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April 5, 2003
 
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(AP Photo)
Putin Talks of Change in U.S. Arms Treaty
Russian President Shows Interest in Ratifying Nuclear Arms Reduction Treaty With U.S.

The Associated Press


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MOSCOW April 5

Russian President Vladimir Putin said Saturday that his administration would urge lawmakers to ratify a key nuclear arms reduction treaty with the United States despite tensions over the war in Iraq.

The lower house of parliament, the State Duma, had been expected to take up debate on the Treaty of Moscow last month, but it indefinitely postponed a ratification vote because of the imminent U.S.-led attack on Iraq.

The treaty, which Putin and President Bush signed in May, calls on both nations to cut their strategic nuclear arsenals by about two-thirds, to 1,700 to 2,200 deployed warheads, by 2012.

"Our position and that of the United States on the Iraqi problem do not coincide. We have different approaches, and that, of course, creates a rather unfavorable background for further work on ratification of this agreement," Putin told reporters during a visit to the Russian Space Forces headquarters.

"But the Russian Federation is interested in seeing this document ratified. We will work with deputies of the Federal Assembly (both houses of parliament) and hope for ratification."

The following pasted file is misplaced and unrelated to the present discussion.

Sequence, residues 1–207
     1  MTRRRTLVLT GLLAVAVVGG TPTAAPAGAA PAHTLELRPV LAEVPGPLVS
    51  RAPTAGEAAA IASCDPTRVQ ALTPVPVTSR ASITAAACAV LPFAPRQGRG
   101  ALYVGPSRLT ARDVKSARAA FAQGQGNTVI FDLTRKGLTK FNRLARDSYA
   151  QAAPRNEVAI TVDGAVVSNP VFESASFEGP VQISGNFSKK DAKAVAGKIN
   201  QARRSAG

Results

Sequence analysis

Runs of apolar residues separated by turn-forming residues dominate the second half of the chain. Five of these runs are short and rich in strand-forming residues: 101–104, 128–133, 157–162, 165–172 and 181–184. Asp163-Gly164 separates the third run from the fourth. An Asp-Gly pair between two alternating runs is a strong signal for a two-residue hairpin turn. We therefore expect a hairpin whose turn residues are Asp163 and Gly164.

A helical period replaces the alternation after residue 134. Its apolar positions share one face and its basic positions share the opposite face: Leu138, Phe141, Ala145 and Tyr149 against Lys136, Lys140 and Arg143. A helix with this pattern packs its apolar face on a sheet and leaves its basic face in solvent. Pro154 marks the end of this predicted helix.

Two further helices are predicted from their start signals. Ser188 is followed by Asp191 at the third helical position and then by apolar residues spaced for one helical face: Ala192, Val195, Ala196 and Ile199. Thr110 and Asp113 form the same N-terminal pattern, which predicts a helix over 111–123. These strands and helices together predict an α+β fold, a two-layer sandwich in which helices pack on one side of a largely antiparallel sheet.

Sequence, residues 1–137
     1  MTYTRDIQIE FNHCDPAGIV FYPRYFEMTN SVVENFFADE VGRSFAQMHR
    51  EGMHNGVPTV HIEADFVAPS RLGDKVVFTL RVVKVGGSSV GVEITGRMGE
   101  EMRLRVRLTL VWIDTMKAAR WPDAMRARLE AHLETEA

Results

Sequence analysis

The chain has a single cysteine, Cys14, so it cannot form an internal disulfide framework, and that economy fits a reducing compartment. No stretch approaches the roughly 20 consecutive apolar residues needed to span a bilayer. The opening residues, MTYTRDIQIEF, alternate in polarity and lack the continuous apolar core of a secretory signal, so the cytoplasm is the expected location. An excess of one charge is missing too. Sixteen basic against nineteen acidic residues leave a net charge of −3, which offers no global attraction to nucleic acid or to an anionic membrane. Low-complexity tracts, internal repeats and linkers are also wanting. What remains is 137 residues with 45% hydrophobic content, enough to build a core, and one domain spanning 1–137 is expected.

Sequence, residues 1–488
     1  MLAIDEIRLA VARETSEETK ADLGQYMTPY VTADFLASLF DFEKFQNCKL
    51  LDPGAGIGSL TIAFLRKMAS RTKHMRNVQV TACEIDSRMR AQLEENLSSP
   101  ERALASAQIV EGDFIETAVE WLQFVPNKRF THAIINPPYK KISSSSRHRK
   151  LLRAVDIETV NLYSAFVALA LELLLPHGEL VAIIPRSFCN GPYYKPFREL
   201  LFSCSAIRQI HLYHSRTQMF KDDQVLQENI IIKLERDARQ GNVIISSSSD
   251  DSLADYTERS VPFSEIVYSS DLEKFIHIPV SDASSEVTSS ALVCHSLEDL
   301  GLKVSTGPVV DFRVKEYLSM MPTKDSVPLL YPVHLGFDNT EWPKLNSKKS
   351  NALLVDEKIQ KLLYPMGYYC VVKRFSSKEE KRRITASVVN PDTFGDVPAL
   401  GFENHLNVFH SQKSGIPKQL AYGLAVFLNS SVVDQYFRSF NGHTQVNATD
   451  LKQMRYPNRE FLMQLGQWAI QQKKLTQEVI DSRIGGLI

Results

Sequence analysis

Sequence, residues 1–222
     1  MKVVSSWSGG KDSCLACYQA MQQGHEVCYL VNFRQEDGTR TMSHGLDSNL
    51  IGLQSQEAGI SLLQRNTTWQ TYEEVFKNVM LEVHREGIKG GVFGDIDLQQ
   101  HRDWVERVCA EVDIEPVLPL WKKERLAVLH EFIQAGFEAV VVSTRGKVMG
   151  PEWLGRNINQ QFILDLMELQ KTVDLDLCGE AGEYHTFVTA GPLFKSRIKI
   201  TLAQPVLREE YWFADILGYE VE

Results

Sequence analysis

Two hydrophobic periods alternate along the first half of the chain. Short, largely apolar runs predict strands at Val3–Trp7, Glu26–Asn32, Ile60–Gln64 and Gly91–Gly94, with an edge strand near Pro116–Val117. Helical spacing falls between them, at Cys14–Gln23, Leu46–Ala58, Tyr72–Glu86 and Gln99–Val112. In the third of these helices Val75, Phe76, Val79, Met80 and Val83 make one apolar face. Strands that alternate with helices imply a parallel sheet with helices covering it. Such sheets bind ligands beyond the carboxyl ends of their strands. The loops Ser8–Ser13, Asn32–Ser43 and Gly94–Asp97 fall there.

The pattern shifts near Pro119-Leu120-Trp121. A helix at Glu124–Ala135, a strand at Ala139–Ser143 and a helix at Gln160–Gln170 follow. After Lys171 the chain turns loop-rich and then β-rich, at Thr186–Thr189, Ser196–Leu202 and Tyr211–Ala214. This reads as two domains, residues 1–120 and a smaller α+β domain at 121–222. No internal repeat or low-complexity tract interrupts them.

Putin later spoke by telephone with Bush, and the two leaders pledged to maintain their political contacts despite their disagreements over Iraq, the Kremlin press service said.

Putin said the government was concerned with upgrading its advance warning system of nuclear attacks, and strengthening the international nuclear nonproliferation regime, which he called a top challenge of the 21st century.

"And this will be all the more effective if we act in a coordinated way in this sphere," he said.


photo credit and caption:
Russian President Vladimir Putin, center, answers a question as Defence Minister Sergei Ivanov, right, and Commander-in-Chief of Space Forces general Anatoly Perminov listen during a short briefing at the Space Force headquarters in Moscow, Saturday, April 5, 2003. Russian President Vladimir Putin said Saturday that his administration would urge lawmakers to ratify a key nuclear arms reduction treaty with the United States despite tensions over the war in Iraq. (AP Photo/Sergei Ilnitsky, Pool)

Copyright 2003 The Associated Press. All rights reserved. This material may not be published, broadcast, rewritten, or redistributed.

 
 
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